Extra features from the original region 1 DVD releases are ported across too, which is a major plus for UK fans since those individual boxsets never saw release this side of the pond. Four key episodes contain audio commentaries featuring a hefty mix of producers, writers, directors and voice actors, whilst each season is accompanied by a short roundtable panel with the series creators, moderated by super-fan Jason Hillhouse. Whilst each of these featurettes are relatively short in comparison to the newer bonus features on the set, the four creators still manage to pack tons of tidbits and trivia in despite the running time, making these more then worthy of repeated viewing.
Despite the quality of the show itself and the extra features included, there’s no escaping the fact that this set is not up to scratch for UK buyers. Were it not for the Return of the Joker issues, this would have been a perfect, five-star release worthy of an instant purchase. The show itself is a guaranteed blast, the episodes lovingly restored and the extra features made with real care and affection. Sadly though, by releasing a Blu-Ray set that contains a DVD despite never explicitly stating so (and only including an edited, incomplete version of a beloved fan favourite to boot), this otherwise excellent collector’s set is greatly cheapened, its value for fans diminished.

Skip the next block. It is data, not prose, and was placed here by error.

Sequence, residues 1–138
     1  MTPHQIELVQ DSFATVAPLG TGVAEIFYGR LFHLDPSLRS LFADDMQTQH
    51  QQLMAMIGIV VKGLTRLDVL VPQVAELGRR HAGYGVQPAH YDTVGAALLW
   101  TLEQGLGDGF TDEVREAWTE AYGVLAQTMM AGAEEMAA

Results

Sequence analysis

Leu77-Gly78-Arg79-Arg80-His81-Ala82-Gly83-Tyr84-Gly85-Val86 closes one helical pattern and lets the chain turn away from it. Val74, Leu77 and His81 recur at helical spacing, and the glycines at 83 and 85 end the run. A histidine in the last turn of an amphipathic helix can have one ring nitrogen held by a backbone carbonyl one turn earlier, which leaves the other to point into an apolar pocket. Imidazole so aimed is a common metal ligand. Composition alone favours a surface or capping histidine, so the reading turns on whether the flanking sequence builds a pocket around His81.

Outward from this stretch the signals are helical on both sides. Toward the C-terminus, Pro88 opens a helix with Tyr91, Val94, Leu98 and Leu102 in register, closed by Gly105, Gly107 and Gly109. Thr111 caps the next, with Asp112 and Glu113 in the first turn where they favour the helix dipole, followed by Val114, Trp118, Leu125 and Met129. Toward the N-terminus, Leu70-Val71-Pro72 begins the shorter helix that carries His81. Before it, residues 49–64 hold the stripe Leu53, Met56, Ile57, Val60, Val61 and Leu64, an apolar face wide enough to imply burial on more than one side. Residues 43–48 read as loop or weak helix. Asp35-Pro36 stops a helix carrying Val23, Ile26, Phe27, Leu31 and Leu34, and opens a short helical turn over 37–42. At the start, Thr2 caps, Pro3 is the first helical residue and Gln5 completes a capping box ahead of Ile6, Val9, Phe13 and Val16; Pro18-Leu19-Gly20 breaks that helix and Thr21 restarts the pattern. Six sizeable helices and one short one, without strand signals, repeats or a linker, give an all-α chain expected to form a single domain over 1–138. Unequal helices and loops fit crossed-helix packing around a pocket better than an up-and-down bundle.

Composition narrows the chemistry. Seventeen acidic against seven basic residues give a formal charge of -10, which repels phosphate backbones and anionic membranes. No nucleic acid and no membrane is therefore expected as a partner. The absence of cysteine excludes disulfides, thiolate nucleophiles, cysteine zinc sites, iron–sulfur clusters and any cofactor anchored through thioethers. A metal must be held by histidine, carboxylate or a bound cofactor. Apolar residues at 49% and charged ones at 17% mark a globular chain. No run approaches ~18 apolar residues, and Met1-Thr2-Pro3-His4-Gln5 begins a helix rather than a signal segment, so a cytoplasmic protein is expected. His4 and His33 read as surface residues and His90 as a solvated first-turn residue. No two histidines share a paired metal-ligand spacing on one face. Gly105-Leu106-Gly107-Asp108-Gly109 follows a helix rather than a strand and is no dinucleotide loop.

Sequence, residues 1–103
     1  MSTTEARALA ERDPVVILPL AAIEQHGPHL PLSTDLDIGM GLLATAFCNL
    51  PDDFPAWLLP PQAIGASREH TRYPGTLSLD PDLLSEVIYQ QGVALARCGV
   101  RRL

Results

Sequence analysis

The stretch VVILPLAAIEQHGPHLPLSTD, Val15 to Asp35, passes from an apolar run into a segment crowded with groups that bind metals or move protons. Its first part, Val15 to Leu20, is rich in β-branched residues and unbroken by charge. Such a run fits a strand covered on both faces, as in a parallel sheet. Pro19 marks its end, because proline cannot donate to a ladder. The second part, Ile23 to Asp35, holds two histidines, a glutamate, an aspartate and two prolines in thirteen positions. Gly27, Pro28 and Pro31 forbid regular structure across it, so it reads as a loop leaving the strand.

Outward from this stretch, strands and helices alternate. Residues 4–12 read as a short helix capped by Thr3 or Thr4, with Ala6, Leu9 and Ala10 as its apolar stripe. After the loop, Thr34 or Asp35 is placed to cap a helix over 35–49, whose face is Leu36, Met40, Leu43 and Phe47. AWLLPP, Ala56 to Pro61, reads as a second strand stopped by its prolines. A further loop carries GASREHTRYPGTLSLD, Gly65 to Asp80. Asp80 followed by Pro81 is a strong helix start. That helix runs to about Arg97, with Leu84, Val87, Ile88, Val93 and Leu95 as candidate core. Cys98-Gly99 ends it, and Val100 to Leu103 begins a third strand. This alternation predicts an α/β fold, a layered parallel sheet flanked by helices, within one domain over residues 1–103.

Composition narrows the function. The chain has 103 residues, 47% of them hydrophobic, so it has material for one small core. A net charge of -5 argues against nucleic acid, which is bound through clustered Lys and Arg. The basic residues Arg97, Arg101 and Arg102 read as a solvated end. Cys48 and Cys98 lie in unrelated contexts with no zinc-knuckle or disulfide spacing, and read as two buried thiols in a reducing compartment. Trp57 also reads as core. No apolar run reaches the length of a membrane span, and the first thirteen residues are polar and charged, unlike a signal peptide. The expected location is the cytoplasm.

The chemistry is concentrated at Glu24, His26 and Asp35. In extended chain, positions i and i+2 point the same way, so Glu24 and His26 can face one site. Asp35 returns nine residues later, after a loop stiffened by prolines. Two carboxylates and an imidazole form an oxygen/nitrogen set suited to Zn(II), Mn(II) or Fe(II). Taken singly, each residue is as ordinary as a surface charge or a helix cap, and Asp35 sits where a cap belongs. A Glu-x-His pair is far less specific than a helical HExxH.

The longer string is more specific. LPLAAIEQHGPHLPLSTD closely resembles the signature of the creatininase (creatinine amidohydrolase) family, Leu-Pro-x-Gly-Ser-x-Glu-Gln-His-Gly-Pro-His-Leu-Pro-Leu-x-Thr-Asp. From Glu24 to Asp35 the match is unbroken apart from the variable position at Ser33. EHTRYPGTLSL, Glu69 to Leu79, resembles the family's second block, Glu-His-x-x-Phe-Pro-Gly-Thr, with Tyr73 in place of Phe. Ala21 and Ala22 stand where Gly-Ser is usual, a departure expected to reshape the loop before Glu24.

Batman Beyond: The Complete Animated Series is available now: https://amzn.to/2NcPDsE